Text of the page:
Astronomy and Astrophysics, volume 598A, 29-29 (2017/2-1)
XMMSL1 J074008.2-853927: a tidal disruption event with thermal and non-thermal components.
SAXTON R.D., READ A.M., KOMOSSA S., LIRA P., ALEXANDER K.D. and WIERINGA M.H.
Abstract (from CDS):
Aims. We study X-ray bright tidal disruption events (TDE), close to the peak of their emission, with the intention of understanding the evolution of their light curves and spectra.
Methods. Candidate TDE are identified by searching for soft X-ray flares from non-active galaxies in recent XMM-Newton slew data.
Results. In April 2014, X-ray emission was detected from the galaxy XMMSL1 J074008.2-853927 (a.k.a. 2MASX 07400785-8539307), a factor 20 times higher than an upper limit from 20 years earlier. Both the X-ray and UV flux subsequently fell, by factors of 70 and 12 respectively. The bolometric luminosity peaked at Lbol∼2x1044ergs/s with a spectrum that may be modelled with thermal emission in the UV band, a power-law with Γ∼2 dominating in the X-ray band above 2 keV and a soft X-ray excess with an effective temperature of ∼86eV. Rapid variability locates the X-ray emission to within <73Rg of the nuclear black hole. Radio emission of flux density ∼1mJy, peaking at 1.5GHz was detected 21 months after discovery. Optical spectra indicate that the galaxy, at a distance of 73Mpc (z=0.0173), underwent a starburst 2Gyr ago and is now quiescent. We consider a tidal disruption event to be the most likely cause of the flare. If this proves to be correct then this is a very clean example of a disruption exhibiting both thermal and non-thermal radiation.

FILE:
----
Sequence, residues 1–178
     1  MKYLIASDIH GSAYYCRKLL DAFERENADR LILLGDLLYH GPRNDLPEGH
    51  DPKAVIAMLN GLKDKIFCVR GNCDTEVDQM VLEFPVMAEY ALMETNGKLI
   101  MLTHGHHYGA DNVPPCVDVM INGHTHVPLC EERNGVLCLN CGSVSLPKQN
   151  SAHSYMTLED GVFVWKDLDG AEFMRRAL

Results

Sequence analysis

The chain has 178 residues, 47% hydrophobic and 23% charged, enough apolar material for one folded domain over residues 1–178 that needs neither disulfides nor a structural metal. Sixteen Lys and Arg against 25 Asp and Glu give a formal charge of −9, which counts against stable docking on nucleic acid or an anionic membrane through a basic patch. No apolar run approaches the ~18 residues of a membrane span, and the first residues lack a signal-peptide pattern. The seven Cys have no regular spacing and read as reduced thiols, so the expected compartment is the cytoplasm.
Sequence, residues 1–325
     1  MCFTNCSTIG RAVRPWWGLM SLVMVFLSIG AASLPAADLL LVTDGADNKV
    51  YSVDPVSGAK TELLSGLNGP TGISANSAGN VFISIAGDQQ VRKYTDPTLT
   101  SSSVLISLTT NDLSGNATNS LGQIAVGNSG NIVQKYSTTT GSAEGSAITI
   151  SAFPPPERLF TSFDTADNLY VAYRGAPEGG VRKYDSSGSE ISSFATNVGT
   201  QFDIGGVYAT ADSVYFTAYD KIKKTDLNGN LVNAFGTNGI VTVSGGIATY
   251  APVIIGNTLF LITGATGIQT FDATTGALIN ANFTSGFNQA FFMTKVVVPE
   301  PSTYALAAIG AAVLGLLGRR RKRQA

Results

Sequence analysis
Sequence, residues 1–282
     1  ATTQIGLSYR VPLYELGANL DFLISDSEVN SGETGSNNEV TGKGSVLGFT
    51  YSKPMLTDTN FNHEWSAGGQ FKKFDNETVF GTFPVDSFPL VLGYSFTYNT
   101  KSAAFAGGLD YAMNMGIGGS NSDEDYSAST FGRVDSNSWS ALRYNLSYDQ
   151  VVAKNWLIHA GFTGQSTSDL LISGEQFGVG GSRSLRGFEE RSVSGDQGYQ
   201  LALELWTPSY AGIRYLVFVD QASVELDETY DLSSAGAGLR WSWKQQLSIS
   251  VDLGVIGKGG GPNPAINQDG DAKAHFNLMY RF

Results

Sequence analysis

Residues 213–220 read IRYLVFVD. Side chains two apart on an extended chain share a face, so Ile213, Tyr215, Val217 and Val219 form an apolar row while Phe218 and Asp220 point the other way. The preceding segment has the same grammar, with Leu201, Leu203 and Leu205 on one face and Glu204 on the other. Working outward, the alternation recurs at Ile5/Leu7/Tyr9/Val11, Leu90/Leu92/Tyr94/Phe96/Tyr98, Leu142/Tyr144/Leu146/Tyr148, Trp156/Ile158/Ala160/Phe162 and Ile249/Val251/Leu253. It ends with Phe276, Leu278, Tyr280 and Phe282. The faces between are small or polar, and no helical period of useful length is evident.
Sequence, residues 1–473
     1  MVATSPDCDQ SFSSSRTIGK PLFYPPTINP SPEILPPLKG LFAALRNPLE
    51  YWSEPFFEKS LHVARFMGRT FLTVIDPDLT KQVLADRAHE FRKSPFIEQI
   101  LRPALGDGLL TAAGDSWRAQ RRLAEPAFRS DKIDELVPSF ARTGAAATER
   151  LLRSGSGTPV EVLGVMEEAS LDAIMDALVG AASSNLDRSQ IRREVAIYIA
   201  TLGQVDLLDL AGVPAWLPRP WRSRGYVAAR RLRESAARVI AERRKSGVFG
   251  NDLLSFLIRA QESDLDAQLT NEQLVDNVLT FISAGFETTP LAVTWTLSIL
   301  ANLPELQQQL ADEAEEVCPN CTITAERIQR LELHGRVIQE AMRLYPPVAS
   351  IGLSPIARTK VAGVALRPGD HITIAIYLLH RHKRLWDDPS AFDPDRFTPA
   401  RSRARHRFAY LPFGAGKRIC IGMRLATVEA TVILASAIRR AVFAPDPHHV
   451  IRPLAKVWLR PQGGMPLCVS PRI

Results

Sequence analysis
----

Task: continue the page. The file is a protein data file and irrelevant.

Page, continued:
© ESO, 2017
X-rays: galaxies - galaxies: individual: XMMSL1 J074008.2-853927
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